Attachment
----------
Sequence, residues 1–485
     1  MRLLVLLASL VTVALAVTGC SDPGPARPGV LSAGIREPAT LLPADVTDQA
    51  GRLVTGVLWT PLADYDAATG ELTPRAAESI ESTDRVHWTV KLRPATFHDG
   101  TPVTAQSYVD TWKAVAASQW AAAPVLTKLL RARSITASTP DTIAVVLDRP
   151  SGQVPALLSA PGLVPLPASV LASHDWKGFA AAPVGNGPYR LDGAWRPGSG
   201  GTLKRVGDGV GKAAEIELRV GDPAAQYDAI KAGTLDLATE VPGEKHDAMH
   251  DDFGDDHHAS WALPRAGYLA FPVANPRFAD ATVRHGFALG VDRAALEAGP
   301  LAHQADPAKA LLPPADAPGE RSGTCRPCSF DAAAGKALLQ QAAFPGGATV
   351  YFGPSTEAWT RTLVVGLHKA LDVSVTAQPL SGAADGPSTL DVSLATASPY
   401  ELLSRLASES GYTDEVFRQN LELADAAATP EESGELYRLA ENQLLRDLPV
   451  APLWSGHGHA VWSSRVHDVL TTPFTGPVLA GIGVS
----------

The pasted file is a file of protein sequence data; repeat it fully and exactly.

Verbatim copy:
Sequence, residues 1–485
     1  MRLLVLLASL VTVALAVTGC SDPGPARPGV LSAGIREPAT LLPADVTDQA
    51  GRLVTGVLWT PLADYDAATG ELTPRAAESI ESTDRVHWTV KLRPATFHDG
   101  TPVTAQSYVD TWKAVAASQW AAAPVLTKLL RARSITASTP DTIAVVLDRP
   151  SGQVPALLSA PGLVPLPASV LASHDWKGFA AAPVGNGPYR LDGAWRPGSG
   201  GTLKRVGDGV GKAAEIELRV GDPAAQYDAI KAGTLDLATE VPGEKHDAMH
   251  DDFGDDHHAS WALPRAGYLA FPVANPRFAD ATVRHGFALG VDRAALEAGP
   301  LAHQADPAKA LLPPADAPGE RSGTCRPCSF DAAAGKALLQ QAAFPGGATV
   351  YFGPSTEAWT RTLVVGLHKA LDVSVTAQPL SGAADGPSTL DVSLATASPY
   401  ELLSRLASES GYTDEVFRQN LELADAAATP EESGELYRLA ENQLLRDLPV
   451  APLWSGHGHA VWSSRVHDVL TTPFTGPVLA GIGVS